These two roadblocks have been overcome recently by breakthrough studies that report development of two animal models of infection, utilizing immunocompetent mice and rats to mimic human disease progression. The immunocompetent mouse model is based on using a naturally isolated and laboratory-adapted C. tyzzeri strain that can be genetically manipulated to track disease progression and study immune correlates of protection [20••]. Cryptosporidium tyzzeri strain infects the small intestine of C57BL/6 immunocompetent mice and closely resembles C. parvum and C. hominis in terms of its high sequence identity at the nucleotide level and similar intestinal pathology such as villus blunting, crypt hyperplasia, and lymphocyte aggregation as observed with human cryptosporidiosis.

Using CRISPR/Cas9 genome editing, the C. tyzzeri strain was genetically engineered to create a reporter parasite strain that enabled measurement of parasite burden in mouse over time. This natural mouse model in which both host and parasite are genetically tractable has allowed to unravel the role of IFN-γ during early stage of infection and the pivotal role of T cells in parasite clearance [20••, 74]. Genetically engineered C. tyzzeri strains have also been instrumental in defining the innate mechanism for control of Cryptosporidium infection by NOD-like receptor family pyrin domain containing 6 (NLRP6) inflammasome dependent release of the pro-inflammatory cytokine IL-18 [75]. The C. tyzzeri mouse model will allow future studies to assess the immunogenic potential of vaccine candidate antigens by uncovering the key molecular interactions between the parasite and the host, immune responses to Cryptosporidium, and the immunoregulatory mechanisms that confer development of protective immunity.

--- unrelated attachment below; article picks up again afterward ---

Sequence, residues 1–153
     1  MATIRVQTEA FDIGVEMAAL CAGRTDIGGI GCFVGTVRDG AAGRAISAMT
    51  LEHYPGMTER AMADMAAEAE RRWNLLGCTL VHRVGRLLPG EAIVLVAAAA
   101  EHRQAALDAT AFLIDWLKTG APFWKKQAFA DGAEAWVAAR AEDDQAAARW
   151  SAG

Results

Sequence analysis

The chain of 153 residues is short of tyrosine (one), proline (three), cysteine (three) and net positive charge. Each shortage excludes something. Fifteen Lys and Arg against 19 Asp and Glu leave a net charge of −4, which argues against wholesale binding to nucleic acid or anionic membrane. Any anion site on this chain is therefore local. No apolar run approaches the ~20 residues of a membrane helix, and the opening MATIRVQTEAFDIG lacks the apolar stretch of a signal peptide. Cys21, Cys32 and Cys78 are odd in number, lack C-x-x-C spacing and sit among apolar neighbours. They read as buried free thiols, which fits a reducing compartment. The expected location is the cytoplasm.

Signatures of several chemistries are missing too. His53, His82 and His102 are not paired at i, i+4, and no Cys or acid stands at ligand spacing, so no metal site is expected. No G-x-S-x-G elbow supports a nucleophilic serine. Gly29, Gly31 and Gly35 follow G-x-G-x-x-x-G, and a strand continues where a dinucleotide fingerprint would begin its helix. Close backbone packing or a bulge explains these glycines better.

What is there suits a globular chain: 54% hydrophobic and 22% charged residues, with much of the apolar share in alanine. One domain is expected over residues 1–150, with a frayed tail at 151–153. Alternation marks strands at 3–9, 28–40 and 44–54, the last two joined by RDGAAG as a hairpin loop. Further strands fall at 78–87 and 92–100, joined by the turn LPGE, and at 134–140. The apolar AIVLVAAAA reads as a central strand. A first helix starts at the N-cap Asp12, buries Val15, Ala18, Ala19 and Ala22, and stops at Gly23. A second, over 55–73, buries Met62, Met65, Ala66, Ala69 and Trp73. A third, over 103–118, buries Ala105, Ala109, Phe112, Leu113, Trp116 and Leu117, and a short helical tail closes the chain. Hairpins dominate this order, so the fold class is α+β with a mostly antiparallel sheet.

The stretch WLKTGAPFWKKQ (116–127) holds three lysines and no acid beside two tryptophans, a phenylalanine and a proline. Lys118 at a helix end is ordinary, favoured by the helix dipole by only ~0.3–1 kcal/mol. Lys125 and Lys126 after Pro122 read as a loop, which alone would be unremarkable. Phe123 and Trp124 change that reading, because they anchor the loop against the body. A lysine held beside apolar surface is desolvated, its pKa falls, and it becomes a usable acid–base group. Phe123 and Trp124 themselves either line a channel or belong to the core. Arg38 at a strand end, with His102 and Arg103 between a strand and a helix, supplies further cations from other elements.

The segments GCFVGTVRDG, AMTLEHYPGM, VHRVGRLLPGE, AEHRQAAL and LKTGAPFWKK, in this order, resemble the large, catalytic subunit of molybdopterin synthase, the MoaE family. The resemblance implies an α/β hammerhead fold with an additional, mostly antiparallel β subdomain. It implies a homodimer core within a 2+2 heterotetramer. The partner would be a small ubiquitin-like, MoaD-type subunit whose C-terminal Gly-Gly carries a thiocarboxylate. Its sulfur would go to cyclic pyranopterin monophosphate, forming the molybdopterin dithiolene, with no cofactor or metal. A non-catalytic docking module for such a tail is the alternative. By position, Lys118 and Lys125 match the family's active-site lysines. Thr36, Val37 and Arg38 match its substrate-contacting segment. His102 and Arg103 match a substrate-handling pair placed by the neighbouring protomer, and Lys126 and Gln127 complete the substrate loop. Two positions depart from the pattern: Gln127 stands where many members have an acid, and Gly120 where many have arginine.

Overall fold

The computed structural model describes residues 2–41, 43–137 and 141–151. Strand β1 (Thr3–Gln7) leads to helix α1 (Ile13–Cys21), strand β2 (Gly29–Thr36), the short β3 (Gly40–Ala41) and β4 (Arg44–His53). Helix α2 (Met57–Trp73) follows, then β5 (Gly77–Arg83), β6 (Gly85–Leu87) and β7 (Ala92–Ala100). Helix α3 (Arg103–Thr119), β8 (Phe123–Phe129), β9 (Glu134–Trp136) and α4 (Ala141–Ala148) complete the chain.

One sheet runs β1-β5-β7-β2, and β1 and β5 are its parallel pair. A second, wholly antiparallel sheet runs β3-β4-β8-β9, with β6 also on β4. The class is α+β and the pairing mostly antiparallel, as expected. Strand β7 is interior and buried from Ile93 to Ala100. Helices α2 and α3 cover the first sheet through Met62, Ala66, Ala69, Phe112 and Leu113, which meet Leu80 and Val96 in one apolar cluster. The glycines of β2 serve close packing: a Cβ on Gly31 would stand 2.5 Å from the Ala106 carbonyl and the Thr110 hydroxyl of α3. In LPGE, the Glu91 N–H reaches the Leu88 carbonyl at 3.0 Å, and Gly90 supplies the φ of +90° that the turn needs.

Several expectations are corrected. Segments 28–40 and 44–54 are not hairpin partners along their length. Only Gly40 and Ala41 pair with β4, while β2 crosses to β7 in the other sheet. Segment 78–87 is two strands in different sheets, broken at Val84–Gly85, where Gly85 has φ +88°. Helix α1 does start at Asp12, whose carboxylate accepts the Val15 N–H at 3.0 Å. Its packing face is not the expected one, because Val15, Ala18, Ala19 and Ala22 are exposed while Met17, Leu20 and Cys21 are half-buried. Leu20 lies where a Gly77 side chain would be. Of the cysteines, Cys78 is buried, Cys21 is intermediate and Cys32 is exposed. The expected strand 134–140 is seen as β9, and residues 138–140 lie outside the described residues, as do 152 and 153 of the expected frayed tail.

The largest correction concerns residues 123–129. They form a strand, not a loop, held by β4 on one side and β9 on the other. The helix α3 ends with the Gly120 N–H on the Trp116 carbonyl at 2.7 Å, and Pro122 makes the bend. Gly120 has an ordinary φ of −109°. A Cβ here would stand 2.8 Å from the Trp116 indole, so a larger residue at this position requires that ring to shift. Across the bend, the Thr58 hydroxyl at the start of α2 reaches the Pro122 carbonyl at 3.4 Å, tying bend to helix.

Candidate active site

Recently, an immunocompetent rat model for C. parvum and C. hominis has been developed for testing of future vaccine candidate antigens [22••]. This model used the intratracheal route to deliver C. parvum and C. hominis sporozoites to successfully infect tracheal epithelial cells and reported the generation of a Cryptosporidium-specific immune response. The systemic antigen-specific response was assessed by IFN-γ production, while the humoral immune response was evaluated by serum IgM and IgG production at day 10 and day 14 post infection. The applicability of this model for vaccine studies was evaluated by performing challenge studies. Rats infected with C. parvum sporozoites that had cleared infection showed complete protection against disease upon re-infection by intratracheal inoculation, thus demonstrating the suitability of this model for vaccine development [22••].


Advances in genetics, cell culture platforms, and new animal infection models are providing valuable insights into the basic biology of Cryptosporidium. These technological advancements will allow us to understand the molecular underpinnings of host-parasite interactions, mechanisms of generation of immune response against Cryptosporidium and disease pathogenesis, for the future development of a vaccine against cryptosporidiosis.


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Our research is supported by funding from the National Institutes of Health (R21AI142380) and start-up funds from the College of Veterinary Medicine, University of Illinois at Urbana-Champaign to S.V.

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Correspondence to Sumiti Vinayak.

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Pinto, D.J., Vinayak, S. Cryptosporidium: Host-Parasite Interactions and Pathogenesis. Curr Clin Micro Rpt (2021).

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  • Cryptosporidium
  • Genetics
  • Infection models
  • Parasite biology
  • Host-parasite interactions
  • Pathogenesis